In preparation for the primary election on May 16, the League of Women Voters hosted two Candidates’ Nights to give voters the opportunity to ask questions of the people running to represent them.
On Wednesday, Centre County judge of the Court of Common Pleas candidates Brian Marshall and Ron McGlaughlin, who are both cross-filed, answered six questions and then offered closing statements.
They were asked about their visions for the future of the judicial system, how they would reduce racial bias in sentencing and the Right-to-Know Law.
“We have to restore the confidence of the public in our court system, and doing that is to have judges who are, of course, impartial and also have the absolute appearance of impartiality because that’s just as important as actually being impartial,” Marshall said.
It’s important that Centre County residents believe in the fairness and impartiality of the judicial system, McGlaughlin said, adding that his goal is to step into the role and hit the ground running by using his 31 years of law experience.
Candidates were asked about whether they favor treatment or long periods of incarceration for those who sell drugs to finance their addiction, referring specifically to the opioid epidemic.
“The people that are addicted, and that are selling because they’re addicted, need help. They need drug court. There has to be some acceptance of responsibility, a minimum level of punishment. ... And so I would be in favor of the people that are addicted to get them treatment,” McGlaughlin said.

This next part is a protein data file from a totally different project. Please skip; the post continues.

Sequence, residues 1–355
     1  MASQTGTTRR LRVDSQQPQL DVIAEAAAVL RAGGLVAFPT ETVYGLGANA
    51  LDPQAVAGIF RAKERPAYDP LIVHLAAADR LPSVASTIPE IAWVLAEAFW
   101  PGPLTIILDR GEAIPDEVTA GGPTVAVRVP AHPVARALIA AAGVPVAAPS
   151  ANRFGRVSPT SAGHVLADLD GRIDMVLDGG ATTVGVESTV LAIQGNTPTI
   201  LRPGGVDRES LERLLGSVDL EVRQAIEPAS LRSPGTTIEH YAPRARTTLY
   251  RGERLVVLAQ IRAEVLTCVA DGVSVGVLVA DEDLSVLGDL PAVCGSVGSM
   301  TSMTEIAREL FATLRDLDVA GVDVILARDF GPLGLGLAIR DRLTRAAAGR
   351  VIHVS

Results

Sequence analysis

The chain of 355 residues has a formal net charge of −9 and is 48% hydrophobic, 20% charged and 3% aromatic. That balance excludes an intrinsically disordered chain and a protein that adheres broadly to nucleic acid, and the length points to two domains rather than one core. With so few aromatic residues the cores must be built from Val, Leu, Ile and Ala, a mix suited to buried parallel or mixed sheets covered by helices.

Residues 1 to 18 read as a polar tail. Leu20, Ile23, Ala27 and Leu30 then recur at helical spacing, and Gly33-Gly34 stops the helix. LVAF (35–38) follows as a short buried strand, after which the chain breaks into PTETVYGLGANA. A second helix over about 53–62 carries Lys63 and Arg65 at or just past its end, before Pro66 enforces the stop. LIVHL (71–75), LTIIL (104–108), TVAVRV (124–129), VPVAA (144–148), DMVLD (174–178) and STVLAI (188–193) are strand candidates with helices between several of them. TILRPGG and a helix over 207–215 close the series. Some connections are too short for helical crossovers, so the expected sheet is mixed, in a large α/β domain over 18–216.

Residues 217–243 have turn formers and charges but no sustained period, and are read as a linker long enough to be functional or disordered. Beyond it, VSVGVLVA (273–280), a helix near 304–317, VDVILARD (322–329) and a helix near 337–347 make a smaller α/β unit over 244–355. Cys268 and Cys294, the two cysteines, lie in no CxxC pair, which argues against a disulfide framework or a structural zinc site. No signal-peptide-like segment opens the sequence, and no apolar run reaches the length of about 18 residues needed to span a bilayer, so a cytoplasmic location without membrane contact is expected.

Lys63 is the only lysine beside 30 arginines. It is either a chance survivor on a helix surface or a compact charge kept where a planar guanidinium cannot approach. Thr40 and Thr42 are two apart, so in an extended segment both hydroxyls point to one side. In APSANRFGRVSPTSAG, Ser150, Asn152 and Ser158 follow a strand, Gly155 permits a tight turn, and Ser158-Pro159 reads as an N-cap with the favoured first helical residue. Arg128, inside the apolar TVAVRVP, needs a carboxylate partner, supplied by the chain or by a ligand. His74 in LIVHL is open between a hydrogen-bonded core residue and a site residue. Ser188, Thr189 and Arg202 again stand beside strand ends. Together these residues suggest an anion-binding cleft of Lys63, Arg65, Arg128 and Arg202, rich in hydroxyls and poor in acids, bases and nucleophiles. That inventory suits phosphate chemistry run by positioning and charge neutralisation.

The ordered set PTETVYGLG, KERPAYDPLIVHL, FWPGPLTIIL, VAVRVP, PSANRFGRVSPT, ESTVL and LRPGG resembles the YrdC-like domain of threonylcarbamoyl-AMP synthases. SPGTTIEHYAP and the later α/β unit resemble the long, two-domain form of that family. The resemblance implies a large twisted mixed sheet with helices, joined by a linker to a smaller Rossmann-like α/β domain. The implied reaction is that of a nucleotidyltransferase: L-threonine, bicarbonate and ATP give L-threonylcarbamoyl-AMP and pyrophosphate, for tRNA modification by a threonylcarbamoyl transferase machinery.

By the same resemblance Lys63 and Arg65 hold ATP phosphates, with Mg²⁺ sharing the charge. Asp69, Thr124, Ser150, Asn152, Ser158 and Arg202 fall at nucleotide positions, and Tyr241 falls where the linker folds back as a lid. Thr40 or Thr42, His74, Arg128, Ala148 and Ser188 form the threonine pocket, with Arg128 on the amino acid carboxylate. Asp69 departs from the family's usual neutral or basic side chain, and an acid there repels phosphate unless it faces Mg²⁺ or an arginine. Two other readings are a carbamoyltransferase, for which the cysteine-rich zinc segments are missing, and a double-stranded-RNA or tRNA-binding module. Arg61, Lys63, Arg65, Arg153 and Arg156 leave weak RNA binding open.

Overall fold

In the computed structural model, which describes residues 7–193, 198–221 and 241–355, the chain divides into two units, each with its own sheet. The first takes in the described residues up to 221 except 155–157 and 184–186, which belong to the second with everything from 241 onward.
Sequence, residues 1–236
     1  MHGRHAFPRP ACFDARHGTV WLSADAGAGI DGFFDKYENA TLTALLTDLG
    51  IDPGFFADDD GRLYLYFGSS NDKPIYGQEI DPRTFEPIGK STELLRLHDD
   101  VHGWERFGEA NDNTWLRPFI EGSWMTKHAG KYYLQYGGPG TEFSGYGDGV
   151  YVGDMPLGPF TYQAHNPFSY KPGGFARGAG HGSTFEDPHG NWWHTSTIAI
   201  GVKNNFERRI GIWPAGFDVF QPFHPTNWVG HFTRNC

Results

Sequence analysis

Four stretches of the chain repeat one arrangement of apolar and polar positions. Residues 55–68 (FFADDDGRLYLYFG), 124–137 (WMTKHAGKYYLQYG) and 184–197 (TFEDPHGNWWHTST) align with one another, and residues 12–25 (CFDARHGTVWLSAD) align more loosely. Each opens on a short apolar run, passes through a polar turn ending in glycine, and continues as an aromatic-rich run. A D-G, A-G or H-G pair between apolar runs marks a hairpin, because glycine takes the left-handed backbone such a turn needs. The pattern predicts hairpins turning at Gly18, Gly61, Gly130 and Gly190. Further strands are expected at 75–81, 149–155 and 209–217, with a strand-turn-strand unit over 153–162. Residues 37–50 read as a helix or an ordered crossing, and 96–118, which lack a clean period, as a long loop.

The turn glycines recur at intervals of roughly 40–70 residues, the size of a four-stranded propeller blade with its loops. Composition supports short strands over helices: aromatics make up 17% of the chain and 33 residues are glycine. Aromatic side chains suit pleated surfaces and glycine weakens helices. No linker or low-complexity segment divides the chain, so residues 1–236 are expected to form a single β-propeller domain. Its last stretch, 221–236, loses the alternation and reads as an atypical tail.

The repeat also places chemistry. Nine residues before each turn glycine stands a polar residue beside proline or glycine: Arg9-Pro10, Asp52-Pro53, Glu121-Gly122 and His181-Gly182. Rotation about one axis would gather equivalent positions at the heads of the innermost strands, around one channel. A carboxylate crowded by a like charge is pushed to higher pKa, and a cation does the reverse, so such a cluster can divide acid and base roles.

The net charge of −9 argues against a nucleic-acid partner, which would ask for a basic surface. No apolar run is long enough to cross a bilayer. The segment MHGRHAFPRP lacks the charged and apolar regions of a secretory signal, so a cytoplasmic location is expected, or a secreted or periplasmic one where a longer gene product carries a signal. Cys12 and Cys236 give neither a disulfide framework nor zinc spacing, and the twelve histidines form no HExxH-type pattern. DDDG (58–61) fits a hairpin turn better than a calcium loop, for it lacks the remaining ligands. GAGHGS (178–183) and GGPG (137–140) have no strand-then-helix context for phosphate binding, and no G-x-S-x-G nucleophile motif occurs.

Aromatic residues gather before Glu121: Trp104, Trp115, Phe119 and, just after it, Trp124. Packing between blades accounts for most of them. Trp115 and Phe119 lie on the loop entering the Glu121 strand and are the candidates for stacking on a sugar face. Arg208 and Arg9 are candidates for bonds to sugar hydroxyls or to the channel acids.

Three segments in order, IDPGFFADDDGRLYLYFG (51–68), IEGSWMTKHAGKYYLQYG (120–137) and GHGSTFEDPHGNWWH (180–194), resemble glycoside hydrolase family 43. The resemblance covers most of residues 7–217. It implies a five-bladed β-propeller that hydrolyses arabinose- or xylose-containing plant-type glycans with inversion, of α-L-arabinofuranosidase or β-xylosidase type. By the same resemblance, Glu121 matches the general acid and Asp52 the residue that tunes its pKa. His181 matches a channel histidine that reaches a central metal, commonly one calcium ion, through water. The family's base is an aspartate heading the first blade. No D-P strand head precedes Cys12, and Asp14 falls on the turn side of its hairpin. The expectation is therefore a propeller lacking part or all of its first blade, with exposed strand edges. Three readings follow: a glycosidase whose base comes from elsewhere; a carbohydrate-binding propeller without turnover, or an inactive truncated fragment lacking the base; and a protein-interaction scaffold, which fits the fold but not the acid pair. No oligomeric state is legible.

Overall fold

The community and society need to find the resources to help people who are addicted get into rehabilitation and to get off of drugs, Marshall said. When public resources are given to people, though, they need to be held accountable.
Marshall agreed that addicted people who sell drugs also need help, and that they should serve some amount of jail time for profiting from bring society down.
In his closing statement, Marshall emphasized his more than 15 years of law experience and that he’s practiced multiple areas of law. He said he specializes in family law because he feels it’s where he can best help his clients.
“I think I have the temperament and the patience that we need in a judge in the Court of Common Pleas,” he said.
Even though it’s an off-year election, this race is important because judges have direct impact on the lives of people in this community, McGlaughlin said.
“I’m passionate about people. I’m passionate about what I do,” he said.